"[In] a democratic society, public understanding of public issues is necessary for public support. Schools generally include in their courses of instruction a wide variety of subjects related to the history, structure and principles of American government at all levels. In so doing, schools provide students with a background of knowledge which is deemed an absolute necessity for responsible citizenship." Id., at 13-14.

72 ^ . See J. Guthrie, G. Kleindorfer, H. Levin, & R. Stout, Schools and Inequality 103-105 (1971); R. Hess & J. Torney, The Development of Political Attitudes in Children 217-218 (1967); Campbell, The Passive Citizen, in 6 Acta Sociologica, Nos. 1-2, p. 9, at 20-21 (1962).

That education is the dominant factor in influencing political participation and awareness is sufficient, I believe, to dispose of the Court's suggestion that, in all events, there is no indication that Texas is not providing all of its children with a sufficient education to enjoy the right of free speech and to participate fully in the political process. Ante, at 36-37.There is, in short, no limit on the amount of free speech or political participation that the Constitution guarantees. Moreover, it should be obvious that the political process, like most other aspects of social intercourse, is to some degree competitive. It is thus of little benefit to an individual from a property-poor district to have "enough" education if those around him have more than "enough." Cf. Sweatt v. Painter, 339 U.S. 629, 633-634 (1950).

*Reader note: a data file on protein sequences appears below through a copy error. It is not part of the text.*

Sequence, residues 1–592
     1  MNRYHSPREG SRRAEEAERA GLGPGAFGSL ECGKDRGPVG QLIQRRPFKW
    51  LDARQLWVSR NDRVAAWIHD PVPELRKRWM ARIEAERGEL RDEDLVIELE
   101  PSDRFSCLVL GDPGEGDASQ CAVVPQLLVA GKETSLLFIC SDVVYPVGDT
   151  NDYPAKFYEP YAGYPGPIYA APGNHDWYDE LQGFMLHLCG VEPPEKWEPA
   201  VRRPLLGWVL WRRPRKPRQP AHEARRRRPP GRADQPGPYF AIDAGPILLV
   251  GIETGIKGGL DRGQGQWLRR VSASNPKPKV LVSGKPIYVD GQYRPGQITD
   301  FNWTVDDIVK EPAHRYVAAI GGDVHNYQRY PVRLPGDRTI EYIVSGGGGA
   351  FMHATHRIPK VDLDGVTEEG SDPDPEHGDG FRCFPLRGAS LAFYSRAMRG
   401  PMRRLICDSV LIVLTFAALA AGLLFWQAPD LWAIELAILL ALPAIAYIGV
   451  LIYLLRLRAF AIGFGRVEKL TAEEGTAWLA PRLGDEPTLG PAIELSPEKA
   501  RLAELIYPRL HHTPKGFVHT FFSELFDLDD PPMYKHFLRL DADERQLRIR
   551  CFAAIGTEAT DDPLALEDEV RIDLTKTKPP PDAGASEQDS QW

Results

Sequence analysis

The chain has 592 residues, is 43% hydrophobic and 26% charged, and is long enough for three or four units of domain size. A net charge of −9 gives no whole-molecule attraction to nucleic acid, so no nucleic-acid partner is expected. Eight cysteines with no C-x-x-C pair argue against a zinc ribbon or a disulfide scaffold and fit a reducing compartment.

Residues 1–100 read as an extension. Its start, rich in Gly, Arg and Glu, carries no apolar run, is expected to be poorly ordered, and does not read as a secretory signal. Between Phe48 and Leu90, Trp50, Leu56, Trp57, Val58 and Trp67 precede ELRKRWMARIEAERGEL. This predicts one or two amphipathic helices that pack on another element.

73 ^ . See United States Department of Commerce, Bureau of the Census, Voting and Registration in the Election of November 1968, Current Population Reports, Series P-20, No. 192, Table 4, p. 17. See also Senate Select Committee on Equal Educational Opportunity, 92d Cong., 2d Sess., Levin, The Costs to the Nation of Inadequate Education 46-47 (Comm. Print 1972).

74 ^ . I believe that the close nexus between education and our established constitutional values with respect to freedom of speech and participation in the political process makes this a different case from our prior decisions concerning discrimination affecting public welfare, see, e.g., Dandridge v. Williams, 397 U.S. 471 (1970), or housing, see, e.g., Lindsey v. Normet, 405 U.S. 56 (1972). There can be no question that, as the majority suggests, constitutional rights may be less meaningful for someone without enough to eat or without decent housing. Ante, at 37. But the crucial difference lies in the closeness of the relationship. Whatever the severity of the impact of insufficient food or inadequate housing on a person's life, they have never been considered to bear the same direct and immediate relationship to constitutional concerns for free speech and for our political processes as education has long been recognized to bear. Perhaps, the best evidence of this fact is the unique status which has been accorded public education as the single public service nearly unanimously guaranteed in the constitutions of our States, see supra, at 111-112 and n. 68. Education, in terms of constitutional values, is much more analogous, in my judgment, to the right to vote in state elections than to public welfare or public housing. Indeed, it is not without significance that we have long recognized education as an essential step in providing the disadvantaged with the tools necessary to achieve economic self-sufficiency.